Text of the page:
There are two equivalent ways of defining the tensor product. The first follows immediately from the above description. If $\{u_1,\cdots,u_i\}$ and $\{v_1,\cdots,v_j\}$ are bases for $U$ and $V$ then $U \otimes V$ is defined to be the vector space formed from all formal linear combinations of the basis vectors $u_1 \otimes v_1, u_1 \otimes v_2, \cdots, u_1 \otimes v_j, u_2 \otimes v_1, \cdots, v_i \otimes v_j$. It is emphasised that $u_1 \otimes v_1$ is just a symbol, a means for identifying a particular basis vector. (At the risk of belabouring the point, I can form a vector space from the basis vectors Fred and Charlie; typical elements would be 2 Fred + 3 Charlie and 5 Fred – 1 Charlie, and the vector space addition of these two elements would be 7 Fred + 2 Charlie.) Of course, choosing a different set of basis vectors for $U$ or $V$ would result in a different vector space $U \otimes V$, however, the resulting vector spaces will always be isomorphic to each other. Therefore, $U \otimes V$ should be thought of as representing any vector space that can be obtained using the above method. (This finer point is not dwelled on here but is a common occurrence in mathematics; a construction can yield a new space which is only unique up to isomorphism. Once tensor products have been understood, the reader is invited to think further about this lack of uniqueness, how it is handled and why it is not an issue in practice.)

The more sophisticated way of defining the tensor product is to consider bilinear maps. Like most things, it is important to understand both methods. The elementary method above provides a basic level of intuition that is easy to grasp but the method is clumsy to work with and harder to generalise. The more sophisticated method is more convenient to work with and adds an extra layer of intuition, but masks the basic level of intuition and therefore actually offers less in the way of intuition to the neophyte.

The motivated reader may now like to:

1. Read an introduction to the tensor product on vector spaces that uses basis vectors.
2. Read an alternative introduction that uses bilinear maps.
3. Work out why the two methods are equivalent.

A hint is offered as to why there is a relationship between “products” and “bilinear maps”, and why the tensor product can be thought of as “the most general product”. Assume we want to define a product on a vector space.  That is, let $V$ be a vector space and we want to define a function $f: V \times V \rightarrow V$ that we think of as multiplication; given $u,v \in V$, their product is defined to be $f(u,v)$. What do we mean by multiplication? Presumably, we mean that the laws hold of associativity, distributivity and scalar multiplication, such as $f(u,f(v,w)) = f(f(u,v),w)$ and $f(u+v,w) = f(u,w) + f(v,w)$. Merely requiring the scalar multiplication and distributive laws to hold is equivalent to requiring that $f$ be bilinear; that is the connection. In general, one can seek to define a multiplication rule between two different vector spaces, which is the level of generality at which the cross-product works. As textbooks will hasten to point out, any bilinear function $f: U \times V \rightarrow W$ can be represented by a linear map from $U \otimes V$ to $W$. Personally, I prefer to think of this in the first instance as a bonus result we get for free from the tensor product rather than as the initial motivation for introducing the tensor product; only with the benefit of hindsight are we motivated to define the tensor product using bilinear maps.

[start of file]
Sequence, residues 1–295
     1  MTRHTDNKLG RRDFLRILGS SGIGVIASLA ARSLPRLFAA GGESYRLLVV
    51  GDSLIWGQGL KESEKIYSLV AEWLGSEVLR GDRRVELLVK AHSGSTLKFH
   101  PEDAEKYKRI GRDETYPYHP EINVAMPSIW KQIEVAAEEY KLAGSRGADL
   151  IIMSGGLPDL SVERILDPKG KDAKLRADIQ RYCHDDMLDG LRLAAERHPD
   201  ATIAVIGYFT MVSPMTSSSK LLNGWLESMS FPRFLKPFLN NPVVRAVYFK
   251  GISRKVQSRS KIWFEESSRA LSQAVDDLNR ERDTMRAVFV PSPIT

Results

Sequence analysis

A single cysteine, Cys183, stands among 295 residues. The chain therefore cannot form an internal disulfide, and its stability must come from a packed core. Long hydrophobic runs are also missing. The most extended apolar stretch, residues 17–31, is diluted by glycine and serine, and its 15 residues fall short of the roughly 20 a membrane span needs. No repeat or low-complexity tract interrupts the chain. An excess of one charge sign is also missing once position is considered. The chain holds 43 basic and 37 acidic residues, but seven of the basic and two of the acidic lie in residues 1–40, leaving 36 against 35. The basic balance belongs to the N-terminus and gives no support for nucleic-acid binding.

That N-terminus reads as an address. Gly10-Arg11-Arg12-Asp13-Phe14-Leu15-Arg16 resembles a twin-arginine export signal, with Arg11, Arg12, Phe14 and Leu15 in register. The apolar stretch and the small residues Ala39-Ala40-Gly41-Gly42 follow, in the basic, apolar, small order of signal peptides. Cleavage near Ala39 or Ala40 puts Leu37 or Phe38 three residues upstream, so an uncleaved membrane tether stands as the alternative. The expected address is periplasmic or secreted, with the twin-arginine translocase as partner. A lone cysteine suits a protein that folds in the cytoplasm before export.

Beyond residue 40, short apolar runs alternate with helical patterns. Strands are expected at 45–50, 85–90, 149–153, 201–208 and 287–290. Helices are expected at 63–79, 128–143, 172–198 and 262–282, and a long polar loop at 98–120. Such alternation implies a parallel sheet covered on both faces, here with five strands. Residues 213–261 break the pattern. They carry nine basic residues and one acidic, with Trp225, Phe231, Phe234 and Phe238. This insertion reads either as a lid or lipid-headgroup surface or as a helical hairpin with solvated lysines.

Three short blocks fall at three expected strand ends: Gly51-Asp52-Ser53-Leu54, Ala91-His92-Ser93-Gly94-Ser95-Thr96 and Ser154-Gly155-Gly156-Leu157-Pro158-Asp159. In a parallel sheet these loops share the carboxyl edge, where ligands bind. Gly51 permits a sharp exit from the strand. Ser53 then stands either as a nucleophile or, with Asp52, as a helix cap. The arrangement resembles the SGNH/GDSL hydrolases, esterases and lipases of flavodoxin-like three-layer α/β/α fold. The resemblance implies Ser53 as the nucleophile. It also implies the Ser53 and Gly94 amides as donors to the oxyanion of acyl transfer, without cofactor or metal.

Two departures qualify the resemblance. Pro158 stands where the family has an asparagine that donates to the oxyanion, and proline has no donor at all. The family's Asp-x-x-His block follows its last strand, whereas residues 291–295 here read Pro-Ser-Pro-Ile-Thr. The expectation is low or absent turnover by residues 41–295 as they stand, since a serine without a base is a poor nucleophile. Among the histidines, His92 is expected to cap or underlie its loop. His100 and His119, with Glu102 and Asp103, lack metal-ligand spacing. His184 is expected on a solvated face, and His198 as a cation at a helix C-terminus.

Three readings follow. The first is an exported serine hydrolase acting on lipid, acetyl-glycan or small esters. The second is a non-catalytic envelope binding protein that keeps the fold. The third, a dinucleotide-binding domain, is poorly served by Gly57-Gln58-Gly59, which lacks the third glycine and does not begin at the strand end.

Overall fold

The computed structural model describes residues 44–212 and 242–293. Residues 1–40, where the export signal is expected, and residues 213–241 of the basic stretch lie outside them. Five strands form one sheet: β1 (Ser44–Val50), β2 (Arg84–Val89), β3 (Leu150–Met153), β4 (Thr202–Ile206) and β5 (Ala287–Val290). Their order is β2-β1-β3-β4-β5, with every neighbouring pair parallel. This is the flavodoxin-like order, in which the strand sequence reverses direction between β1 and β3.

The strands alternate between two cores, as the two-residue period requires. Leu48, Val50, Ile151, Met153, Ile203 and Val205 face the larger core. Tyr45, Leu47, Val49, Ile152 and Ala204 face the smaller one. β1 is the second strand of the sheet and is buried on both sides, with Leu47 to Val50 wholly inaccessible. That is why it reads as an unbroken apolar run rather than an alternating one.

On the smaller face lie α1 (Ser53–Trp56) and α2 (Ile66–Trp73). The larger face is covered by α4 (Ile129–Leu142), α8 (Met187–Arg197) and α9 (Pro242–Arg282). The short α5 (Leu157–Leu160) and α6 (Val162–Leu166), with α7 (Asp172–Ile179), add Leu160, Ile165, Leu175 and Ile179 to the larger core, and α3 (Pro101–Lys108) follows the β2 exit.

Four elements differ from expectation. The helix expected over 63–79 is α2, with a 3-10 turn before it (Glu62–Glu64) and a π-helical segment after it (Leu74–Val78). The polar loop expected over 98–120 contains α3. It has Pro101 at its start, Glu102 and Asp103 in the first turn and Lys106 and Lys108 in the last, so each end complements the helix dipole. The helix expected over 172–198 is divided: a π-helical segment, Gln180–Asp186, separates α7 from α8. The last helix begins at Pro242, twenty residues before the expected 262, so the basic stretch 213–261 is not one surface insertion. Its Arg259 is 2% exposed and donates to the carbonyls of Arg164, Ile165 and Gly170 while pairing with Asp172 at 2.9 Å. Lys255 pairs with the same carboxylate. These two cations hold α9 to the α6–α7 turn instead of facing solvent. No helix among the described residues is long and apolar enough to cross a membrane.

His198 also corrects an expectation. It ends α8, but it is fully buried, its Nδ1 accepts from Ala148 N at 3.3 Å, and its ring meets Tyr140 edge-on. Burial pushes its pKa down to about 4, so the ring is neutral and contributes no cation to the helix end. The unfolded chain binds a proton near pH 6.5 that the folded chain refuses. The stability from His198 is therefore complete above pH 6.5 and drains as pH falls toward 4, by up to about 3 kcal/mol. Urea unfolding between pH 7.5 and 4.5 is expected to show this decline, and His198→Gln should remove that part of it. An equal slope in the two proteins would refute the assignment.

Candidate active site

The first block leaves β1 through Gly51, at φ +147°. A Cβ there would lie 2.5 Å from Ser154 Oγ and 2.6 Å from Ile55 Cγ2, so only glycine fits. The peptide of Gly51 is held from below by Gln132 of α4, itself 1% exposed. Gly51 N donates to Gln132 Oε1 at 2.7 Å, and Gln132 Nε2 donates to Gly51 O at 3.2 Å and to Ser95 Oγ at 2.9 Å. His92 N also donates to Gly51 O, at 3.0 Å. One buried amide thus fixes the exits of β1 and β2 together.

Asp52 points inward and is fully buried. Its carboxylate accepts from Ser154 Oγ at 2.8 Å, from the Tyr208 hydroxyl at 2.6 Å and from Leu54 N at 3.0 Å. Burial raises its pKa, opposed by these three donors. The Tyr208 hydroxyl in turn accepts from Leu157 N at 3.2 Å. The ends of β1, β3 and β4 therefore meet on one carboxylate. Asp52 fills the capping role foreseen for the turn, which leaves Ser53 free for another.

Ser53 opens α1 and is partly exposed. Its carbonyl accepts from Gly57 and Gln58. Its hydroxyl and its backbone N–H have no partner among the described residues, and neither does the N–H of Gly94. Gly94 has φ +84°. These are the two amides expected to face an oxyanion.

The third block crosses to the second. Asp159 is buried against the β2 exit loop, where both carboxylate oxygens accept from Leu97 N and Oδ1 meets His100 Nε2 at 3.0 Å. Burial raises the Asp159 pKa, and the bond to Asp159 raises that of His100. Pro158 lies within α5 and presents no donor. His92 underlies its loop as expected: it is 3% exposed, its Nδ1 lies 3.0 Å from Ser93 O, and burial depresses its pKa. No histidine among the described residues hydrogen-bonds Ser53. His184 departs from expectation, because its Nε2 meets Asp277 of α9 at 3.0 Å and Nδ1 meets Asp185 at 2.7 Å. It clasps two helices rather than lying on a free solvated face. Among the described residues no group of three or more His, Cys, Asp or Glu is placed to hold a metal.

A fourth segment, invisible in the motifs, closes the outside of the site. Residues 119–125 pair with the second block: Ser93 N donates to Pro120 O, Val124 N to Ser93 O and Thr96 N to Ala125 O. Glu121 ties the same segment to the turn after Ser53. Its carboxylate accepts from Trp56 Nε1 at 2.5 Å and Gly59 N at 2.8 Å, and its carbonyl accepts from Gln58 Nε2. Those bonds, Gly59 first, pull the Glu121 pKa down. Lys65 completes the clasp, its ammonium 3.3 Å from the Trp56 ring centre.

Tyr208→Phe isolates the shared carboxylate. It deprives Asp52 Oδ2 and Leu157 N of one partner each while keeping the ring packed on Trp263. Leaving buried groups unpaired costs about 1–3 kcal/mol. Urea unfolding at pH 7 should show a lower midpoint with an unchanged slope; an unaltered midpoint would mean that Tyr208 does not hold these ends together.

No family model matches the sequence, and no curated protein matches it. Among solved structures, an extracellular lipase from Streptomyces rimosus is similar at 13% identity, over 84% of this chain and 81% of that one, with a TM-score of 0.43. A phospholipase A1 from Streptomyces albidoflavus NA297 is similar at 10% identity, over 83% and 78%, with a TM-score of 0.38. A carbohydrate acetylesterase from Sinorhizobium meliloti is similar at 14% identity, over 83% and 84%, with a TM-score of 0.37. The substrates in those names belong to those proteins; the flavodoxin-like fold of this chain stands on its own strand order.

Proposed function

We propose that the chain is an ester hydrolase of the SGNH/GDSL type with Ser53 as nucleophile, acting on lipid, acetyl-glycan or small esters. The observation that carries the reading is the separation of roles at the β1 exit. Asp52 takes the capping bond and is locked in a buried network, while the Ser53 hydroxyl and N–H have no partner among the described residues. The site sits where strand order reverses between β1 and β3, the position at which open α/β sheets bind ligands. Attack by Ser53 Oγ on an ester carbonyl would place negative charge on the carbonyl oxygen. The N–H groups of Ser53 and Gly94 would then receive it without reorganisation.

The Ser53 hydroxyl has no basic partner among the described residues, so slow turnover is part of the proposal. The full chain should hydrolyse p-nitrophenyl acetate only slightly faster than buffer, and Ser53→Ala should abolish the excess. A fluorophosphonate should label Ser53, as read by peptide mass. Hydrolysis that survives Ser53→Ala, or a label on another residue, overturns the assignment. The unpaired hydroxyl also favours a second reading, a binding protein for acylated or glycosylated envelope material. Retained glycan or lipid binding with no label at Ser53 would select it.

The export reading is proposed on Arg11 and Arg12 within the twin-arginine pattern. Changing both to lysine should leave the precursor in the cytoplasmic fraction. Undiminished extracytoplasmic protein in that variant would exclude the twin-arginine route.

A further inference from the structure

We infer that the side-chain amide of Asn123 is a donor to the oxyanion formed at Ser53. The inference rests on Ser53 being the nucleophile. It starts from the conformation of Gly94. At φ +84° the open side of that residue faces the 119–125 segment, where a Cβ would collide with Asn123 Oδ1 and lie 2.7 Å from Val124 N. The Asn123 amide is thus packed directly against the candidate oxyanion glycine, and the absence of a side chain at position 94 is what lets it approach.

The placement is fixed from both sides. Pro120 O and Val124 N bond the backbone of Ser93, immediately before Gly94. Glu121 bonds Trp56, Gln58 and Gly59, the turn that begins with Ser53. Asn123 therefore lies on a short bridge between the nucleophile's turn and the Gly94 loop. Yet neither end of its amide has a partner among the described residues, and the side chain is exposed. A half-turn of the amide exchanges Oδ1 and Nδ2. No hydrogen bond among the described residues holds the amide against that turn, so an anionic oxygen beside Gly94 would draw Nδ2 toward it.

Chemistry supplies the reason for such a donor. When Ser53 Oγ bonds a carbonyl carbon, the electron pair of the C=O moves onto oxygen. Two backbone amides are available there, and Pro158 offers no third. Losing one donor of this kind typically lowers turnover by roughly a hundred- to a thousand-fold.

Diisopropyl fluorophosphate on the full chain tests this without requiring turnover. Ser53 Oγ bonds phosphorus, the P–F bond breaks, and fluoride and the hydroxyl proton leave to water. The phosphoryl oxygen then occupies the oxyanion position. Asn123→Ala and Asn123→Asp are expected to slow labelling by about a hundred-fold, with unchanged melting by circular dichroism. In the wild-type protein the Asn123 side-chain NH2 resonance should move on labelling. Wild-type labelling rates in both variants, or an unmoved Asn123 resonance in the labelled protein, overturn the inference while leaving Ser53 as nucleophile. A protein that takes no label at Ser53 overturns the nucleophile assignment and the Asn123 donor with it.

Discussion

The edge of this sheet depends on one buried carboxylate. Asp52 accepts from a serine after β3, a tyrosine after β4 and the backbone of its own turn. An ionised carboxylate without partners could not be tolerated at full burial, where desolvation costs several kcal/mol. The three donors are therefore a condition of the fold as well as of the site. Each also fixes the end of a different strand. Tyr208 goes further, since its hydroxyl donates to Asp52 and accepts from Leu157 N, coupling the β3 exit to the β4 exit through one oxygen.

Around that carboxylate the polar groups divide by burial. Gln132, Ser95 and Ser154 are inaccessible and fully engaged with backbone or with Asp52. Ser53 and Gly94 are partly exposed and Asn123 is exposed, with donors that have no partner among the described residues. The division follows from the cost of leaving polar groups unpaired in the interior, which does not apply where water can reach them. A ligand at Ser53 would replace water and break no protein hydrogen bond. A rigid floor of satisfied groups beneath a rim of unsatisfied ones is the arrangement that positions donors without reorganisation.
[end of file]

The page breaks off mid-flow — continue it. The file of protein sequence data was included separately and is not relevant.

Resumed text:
Tensor products turn out to be very convenient in other areas too. As just one example, in homological algebra they are a convenient way of changing rings. A special case is converting a vector space over the real numbers into a vector space over the complex numbers; an engineer would not think twice about doing this — anywhere a real number is allowed, allow now a complex number, and carry on as normal! — but how can it be formalised? Quite simply in fact; if $V$ is a vector space over the real field then $\mathbb{C} \otimes V$ is the complexification of $V$; although technically $\mathbb{C} \otimes V$  is a vector space over the real field according to our earlier definition of tensor product, there is a natural way to treat it as a vector space over the complex field. The reader is invited to contemplate this at leisure, recalling that $\mathbb{C}$ is a two-dimensional vector space over the real field, with basis $\{1,\sqrt{-1}\}$.

In conclusion, the tensor product can be motivated by the desire to construct the vector space of polynomials in two indeterminates out of two copies of a vector space of polynomials in only a single indeterminate. Once the construction is achieved, it is found to have a number of interesting properties, including properties relating to bilinear maps. With the benefit of hindsight, it is cleaner to redefine the tensor product in terms of bilinear maps; this broadens its applicability and tidies up the maths, albeit at the expense of possibly making less visible some of the basic intuition about the tensor product.